In July, UT Southwestern and Texas Health Resources announced they would collaborate on a COVID-19 prevalence study to measure how the virus spreads through the local population. One month in, responses are starting to give researchers a look at how the disease impacts the community, including the prevalence of asymptomatic carriers. But there is much work yet to be done if the study wants to meet its goals.
More than 3 million people in the U.S. have contracted COVID-19, and more than 12 million worldwide have tested positive, with 550,000 people worldwide dying as a result. In Texas, over 515,000 people have tested positive and more than 9,000 people have died. Nearly 90,000 of those positive cases have been in Dallas and Tarrant counties. But with limited testing and individuals self-selecting whether they get testing, data gaps remain in understanding how the disease impacts all populations in the region.
The study’s goal is to test 15,000 people in Dallas County and an equal number in Tarrant County, whether or not they have any symptoms. An additional 14,000 essential workers are also targeted for testing. Researchers say it is the largest such effort in the country. Around 5,000 invitations have been sent out in Dallas County, and 2,000 in Tarrant County. The letter asks participants to schedule a free COVID-19 test. About 300 people had responded when I spoke with researchers running the study last week.
Because between 30 percent to 40 percent of those who get COVID-19 are asymptomatic, relying on those who volunteer to get tested or have symptoms can be missing significant portions of the population. When policymakers are thinking about mask orders, closing businesses, or other measures, it is essential to have accurate data about its prevalence.
The invitation asks a representative sample of residents to complete a brief, 10-minute survey that assesses risk factors, any prior testing, and any symptoms that may be present. The invite directs them to one of several testing sites regardless of their COVID-19 history, where they receive a free nasal swab and a blood test.
The invitations were sent to a variety of racial and ethnic backgrounds and socio-economic levels to see how the disease impacts different populations. “We have taken tremendous efforts to get a random and representative sample that is truly representative of the region,” says principal investigator Dr. Amit Singal, an Associate Professor of Medicine at UT Southwestern Medical Center.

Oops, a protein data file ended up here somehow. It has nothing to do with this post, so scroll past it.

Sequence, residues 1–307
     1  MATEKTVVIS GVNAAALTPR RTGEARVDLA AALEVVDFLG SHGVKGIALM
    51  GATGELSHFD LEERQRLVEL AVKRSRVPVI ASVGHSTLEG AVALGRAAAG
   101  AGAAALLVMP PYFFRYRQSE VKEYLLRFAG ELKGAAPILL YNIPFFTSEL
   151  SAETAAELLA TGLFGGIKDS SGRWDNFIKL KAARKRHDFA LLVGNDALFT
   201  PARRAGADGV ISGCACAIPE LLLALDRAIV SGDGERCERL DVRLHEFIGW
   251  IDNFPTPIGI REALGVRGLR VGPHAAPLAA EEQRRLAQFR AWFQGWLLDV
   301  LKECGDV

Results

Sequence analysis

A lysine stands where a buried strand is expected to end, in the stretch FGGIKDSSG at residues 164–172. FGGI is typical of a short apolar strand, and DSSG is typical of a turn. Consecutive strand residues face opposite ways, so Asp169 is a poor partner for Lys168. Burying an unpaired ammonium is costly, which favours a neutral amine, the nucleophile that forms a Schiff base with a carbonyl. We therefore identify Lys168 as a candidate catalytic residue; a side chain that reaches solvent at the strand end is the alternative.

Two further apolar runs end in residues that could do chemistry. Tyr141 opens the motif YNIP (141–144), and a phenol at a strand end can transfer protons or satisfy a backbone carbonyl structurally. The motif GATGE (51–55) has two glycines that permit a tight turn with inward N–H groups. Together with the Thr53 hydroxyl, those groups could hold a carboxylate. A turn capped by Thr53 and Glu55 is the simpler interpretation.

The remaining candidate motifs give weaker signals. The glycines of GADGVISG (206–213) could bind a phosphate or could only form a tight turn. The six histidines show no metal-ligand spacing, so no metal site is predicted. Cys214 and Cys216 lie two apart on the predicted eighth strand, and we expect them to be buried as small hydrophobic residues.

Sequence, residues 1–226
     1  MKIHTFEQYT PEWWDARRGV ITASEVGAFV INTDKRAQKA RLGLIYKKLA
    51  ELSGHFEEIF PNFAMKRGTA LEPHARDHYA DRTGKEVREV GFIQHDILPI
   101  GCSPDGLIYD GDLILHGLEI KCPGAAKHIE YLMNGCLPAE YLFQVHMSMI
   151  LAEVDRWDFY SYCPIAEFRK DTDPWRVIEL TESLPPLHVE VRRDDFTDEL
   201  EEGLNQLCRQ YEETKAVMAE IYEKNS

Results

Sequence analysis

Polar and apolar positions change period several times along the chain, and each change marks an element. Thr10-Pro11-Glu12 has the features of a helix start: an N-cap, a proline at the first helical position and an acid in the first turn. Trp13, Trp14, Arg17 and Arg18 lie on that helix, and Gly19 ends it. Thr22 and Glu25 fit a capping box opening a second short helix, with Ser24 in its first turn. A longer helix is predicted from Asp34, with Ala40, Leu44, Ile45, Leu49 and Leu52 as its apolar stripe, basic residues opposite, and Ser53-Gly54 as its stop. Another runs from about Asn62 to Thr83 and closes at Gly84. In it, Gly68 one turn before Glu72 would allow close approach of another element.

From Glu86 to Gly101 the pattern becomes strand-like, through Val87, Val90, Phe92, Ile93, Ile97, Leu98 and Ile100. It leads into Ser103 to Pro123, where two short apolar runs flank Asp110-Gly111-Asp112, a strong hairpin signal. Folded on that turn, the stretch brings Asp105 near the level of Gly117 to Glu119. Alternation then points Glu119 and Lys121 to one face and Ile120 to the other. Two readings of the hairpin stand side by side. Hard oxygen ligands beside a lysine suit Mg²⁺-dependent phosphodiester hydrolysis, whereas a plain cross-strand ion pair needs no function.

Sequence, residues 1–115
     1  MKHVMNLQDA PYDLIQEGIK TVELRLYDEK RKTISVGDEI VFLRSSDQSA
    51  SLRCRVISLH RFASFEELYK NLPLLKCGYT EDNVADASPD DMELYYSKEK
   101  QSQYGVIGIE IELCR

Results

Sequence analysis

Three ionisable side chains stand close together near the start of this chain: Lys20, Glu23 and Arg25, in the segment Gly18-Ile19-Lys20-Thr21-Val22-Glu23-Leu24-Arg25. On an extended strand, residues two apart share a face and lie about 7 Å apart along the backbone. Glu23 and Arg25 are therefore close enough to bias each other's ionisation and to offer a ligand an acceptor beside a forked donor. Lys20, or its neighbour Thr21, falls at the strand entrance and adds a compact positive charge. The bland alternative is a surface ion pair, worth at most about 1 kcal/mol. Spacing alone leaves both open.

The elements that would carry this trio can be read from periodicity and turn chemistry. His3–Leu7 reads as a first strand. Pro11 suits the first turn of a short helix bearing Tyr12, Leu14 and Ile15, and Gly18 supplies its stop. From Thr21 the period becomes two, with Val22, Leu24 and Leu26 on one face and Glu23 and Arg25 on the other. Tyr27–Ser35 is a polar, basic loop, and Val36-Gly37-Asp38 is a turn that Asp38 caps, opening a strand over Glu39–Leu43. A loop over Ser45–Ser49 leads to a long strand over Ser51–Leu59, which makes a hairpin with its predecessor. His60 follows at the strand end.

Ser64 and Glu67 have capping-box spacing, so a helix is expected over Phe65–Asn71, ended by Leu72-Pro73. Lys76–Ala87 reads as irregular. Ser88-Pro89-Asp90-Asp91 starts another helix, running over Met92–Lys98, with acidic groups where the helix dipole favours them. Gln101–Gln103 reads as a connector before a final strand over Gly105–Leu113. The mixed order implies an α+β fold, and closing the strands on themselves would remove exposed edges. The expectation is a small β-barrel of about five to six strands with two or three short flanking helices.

Community Engagement Strategy
The mailed invitations are paired with community engagement campaigns and other forms of outreach. “We realize there are multiple ways to connect,” says co-investigator Dr. Andrew Masica, chief medical officer of Reliable Health at Texas Health Resources.
But with such a large population of potential respondents, reaching everyone and getting them to follow through on the invitation is a significant challenge. The study is targeting micro-communities and trusted influencers in those communities, hosting town hall meetings, training study ambassadors to reach out and interact with their communities to make sure people are aware of the study and its importance, says co-investigator Jasmin Tiro, an associate professor of population and data sciences at UT Southwestern Medical Center.
The number of respondents was set at 44,000 because it allows researchers to see slight variations (1 to 2 percent) in racial and ethnic groups in terms of COVID-19 prevalence, Singal says. Most data show that COVID-19 disproportionately impacts Hispanic and Black populations, but the study might give more insight into why those disparities might exist. The study will also localize the data and publicize it while the research is ongoing. “It is truly a better sense of what is happening in DFW,” says Masica. “We can’t compare what is in Spain to North Texas. This local data can inform national discussions and provide unique characteristics about a community.”
The results could help inform healthcare delivery and potential interventions for specific populations while providing information about risk factors, antibody testing, antibody response, and how it changes over time. A selection of those in the study will be asked to regularly test for six to 12 months after their initial test to see the long term impact of the virus and potential immunity.
The longevity of the study will also see how the community handles continued social distancing. “Social distancing is not an easy thing,” Tiro says.”Humans are social, and we want to measure their ability to maintain social distancing over time and how our data are evolving”
Researchers hope to complete the study before the end of the year, but much depends on active community engagement and responses from those invited to participate.
Although they are hopeful they will reach their data targets, UTSW and THR are not waiting until all 44,000 people have responded to analyze results and disseminate that information to the public. With just a few hundred responses so far, researchers said they would have effects to report within the next month. “We wish we had that data yesterday, and we understand the importance of having it as soon as possible,” Singal says.